HC Deb 11 October 1944 vol 403 cc1727-9
18. Mr. Walter Edwards

asked the Secretary of State for Air the number of R.A.F. personnel used to assist in the repair of bomb-damaged houses in the London region since the introduction of the fly-bomb.

The Secretary of State for Air (Sir Archibald Sinclair)

Since July last, when the R.A.F. were asked to help, some 2,000 airmen have been continuously engaged on bomb-damage repairs in the London area.

Mr. Edwards

Will not my right hon. Friend agree that, in view of the great damage to house property in London and the shortage of labour, the figure he has given is very small indeed, and that it should be greatly increased to meet the difficult situation which will exist this winter?

Sir A. Sinclair

The considerations to which the hon. Members refers in the first part of his Question are not those for which I am directly responsible. I am directly responsible to this House for the efficiency of the Royal Air Force and the vigorous conduct of its operations against the enemy. Subject to those considerations, I am most anxious to help those who have suffered from bomb damage.

27. Mr. Astor

asked the Parliamentary Secretary to the Ministry of Works whether he will consider using prisoner of war labour to do unskilled work in clearing bomb damaged sites and houses in London so that the time of skilled building labour should not be wasted in demolition and clearance work.

The Parliamentary Secretary to the Ministry of Works (Mr. Hicks)

Italian co-operators have already been employed under the Ministry of Home Security on clearance of bomb-damaged sites in London. The extent to which further use can be made of this labour for this work depends on the availability of accommodation in or near London. Skilled building labour is not used on demolition and clearance work, which in London is carried out by the special organisation known as the War Debris Survey under the Ministry of Home Security.

Mr. Astor

Does not the hon. Gentleman realise the importance of getting on with this job urgently and of not allowing himself to be deflected by any local prejudice on these matters?

Mr. Hicks

Yes, Sir.

Mr. Stephen

Will the Minister state of what Co-operative Society these Italians are members, and, if they are not members of a Co-operative Society, will he use some other word than "cooperators" to describe them?

Mr. Hicks

I dare not mention Camlachie.

Mr. G. Strauss

May I ask my hon. Friend whether he would suggest that Italian co-operators would work with a better heart if the insults to them made in the Press were to cease?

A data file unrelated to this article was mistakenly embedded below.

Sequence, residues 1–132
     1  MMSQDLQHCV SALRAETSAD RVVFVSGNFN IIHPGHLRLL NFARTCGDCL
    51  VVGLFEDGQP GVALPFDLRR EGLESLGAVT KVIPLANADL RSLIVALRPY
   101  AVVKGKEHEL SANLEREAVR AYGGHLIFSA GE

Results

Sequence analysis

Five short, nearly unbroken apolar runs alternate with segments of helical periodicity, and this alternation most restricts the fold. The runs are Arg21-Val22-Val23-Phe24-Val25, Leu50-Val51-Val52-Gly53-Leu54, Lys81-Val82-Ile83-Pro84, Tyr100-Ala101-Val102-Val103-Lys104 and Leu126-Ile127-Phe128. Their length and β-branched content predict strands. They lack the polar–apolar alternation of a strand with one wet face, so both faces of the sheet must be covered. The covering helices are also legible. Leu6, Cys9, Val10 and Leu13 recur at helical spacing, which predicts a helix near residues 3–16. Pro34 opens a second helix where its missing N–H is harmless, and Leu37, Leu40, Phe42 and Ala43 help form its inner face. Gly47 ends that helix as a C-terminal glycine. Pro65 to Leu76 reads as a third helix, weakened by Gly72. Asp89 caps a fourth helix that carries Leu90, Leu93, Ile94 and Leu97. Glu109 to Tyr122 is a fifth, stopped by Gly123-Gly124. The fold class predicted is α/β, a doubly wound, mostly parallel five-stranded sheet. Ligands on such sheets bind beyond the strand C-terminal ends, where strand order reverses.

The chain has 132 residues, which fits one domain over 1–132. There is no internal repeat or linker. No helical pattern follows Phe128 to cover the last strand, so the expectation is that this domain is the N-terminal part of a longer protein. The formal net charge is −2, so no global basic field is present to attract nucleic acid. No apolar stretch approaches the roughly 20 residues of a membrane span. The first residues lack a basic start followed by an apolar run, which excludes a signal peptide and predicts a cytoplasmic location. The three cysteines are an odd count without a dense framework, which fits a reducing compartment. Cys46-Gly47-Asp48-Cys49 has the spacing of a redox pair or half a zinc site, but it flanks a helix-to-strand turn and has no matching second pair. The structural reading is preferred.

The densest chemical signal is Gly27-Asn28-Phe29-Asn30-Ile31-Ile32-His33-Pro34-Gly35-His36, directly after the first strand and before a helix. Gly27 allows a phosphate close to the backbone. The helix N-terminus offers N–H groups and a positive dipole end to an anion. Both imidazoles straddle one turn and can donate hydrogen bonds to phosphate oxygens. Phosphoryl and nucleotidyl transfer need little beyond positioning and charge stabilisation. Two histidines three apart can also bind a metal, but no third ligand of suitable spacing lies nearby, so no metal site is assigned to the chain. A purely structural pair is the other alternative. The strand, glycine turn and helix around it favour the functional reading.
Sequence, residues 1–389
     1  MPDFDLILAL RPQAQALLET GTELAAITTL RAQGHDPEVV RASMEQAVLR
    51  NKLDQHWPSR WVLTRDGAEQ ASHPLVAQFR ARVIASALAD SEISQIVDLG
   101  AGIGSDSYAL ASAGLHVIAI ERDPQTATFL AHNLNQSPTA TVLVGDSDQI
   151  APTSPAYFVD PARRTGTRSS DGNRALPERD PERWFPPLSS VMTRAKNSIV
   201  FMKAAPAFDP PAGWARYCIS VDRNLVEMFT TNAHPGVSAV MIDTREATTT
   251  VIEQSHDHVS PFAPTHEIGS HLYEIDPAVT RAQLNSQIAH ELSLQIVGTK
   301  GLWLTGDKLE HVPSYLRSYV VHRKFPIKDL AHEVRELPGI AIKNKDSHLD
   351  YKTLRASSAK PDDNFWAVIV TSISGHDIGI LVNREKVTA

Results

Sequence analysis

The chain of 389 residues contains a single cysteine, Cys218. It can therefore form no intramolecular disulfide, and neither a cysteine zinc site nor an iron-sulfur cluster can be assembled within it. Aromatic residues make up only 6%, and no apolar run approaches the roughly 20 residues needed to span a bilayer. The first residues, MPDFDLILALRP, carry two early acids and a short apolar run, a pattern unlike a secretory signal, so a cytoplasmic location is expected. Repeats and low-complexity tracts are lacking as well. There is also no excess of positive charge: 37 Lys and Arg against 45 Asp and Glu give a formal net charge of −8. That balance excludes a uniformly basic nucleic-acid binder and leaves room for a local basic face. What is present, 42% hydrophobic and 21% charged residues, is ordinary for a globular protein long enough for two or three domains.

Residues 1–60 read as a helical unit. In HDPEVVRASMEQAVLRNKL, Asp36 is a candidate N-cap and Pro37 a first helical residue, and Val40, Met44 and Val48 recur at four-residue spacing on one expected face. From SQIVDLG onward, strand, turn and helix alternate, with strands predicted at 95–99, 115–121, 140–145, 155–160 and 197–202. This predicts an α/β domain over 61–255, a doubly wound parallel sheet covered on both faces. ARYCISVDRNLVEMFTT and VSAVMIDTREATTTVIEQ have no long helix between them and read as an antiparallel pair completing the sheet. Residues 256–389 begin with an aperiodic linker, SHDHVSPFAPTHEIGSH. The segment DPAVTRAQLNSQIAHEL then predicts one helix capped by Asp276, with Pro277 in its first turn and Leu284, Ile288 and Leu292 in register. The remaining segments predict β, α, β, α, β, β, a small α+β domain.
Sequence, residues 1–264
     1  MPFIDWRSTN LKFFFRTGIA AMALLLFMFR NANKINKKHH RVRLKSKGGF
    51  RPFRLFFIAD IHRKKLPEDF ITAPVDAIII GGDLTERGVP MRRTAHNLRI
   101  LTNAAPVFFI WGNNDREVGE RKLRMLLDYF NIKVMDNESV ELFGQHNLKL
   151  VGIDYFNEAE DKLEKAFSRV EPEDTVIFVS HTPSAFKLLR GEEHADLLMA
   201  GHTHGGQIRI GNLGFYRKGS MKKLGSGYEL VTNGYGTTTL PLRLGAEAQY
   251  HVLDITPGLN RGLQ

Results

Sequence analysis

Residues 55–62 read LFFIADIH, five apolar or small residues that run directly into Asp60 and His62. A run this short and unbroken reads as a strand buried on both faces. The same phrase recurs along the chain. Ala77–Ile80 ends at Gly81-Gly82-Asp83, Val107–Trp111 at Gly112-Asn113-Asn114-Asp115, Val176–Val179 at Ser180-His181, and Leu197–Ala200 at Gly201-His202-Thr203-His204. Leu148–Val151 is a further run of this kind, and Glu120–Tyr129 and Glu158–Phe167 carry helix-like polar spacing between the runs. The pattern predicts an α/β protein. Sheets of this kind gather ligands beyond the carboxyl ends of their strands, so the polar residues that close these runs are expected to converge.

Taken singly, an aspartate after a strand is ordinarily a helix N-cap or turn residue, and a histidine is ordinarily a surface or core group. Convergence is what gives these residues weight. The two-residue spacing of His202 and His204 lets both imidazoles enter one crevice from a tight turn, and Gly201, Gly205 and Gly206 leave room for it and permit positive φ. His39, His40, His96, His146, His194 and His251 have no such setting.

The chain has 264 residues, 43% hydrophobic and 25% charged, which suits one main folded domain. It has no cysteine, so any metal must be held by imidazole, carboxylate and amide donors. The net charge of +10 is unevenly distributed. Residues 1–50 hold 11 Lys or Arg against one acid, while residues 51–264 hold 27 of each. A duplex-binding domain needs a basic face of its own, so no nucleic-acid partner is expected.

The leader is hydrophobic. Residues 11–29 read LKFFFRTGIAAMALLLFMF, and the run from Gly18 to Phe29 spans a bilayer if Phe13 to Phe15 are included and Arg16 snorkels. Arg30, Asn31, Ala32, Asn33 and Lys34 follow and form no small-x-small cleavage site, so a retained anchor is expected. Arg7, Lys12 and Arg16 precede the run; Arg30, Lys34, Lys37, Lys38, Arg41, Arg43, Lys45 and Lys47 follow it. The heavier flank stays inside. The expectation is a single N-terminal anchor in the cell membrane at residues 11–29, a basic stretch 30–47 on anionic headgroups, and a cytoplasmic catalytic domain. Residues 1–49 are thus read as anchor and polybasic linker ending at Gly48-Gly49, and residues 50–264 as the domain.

Mr. Thorne

Is there an interpreter where these men are working?

Mr. Evelyn Walkden

Has any attempt been made to discover the experience or knowledge of these Italians, who seem to be keen on repairing bomb-damaged houses? Has any attempt been made to find out whether they are craftsmen or not, and whether they are using this as an opportunity for doing work which they should not be doing at all?

Mr. Hicks

The clearance of debris in the London area is a matter for the Ministry of Home Security and not for my Department. As to whether the men are capable of repairing and building, inquiries have been made; corps have been formed, and, in some areas, they have built their own camps.

28. Sir H. Williams

asked the Parliamentary Secretary to the Ministry of Works whether his attention had been drawn to the fact that the present excessive hours being worked by the men engaged on the repairs to bombed houses are causing undue fatigue, with the result that the amount of work being accomplished is less than would be the case if they were working substantially shorter hours; and will he take steps to bring about a change.

Mr. Hicks

I am aware that there is some divergence of view with regard to the hours at present being worked on the repair of bombed houses in London, but the Government, after reviewing all the factors of this very urgent situation, decided to maintain until 8th October a 62hour week. As the hours of daylight become shorter, the hours worked are being progressively reduced to 51½ hours per week in mid-winter.

Sir H. Williams

Is the Minister aware that everybody engaged in the direction of this labour thinks the hours have been excessive, which fatigues the men and is causing general dissatisfaction?

Mr. Hicks

I do not think my hon. Friend can chide me for not advocating a shorter working week. It is the urgency of the situation that has compelled the Government to order longer working hours.

Sir H. Williams

What is the use of saying that when the longer hours produce less output?

Mr. Hicks

I cannot agree with that.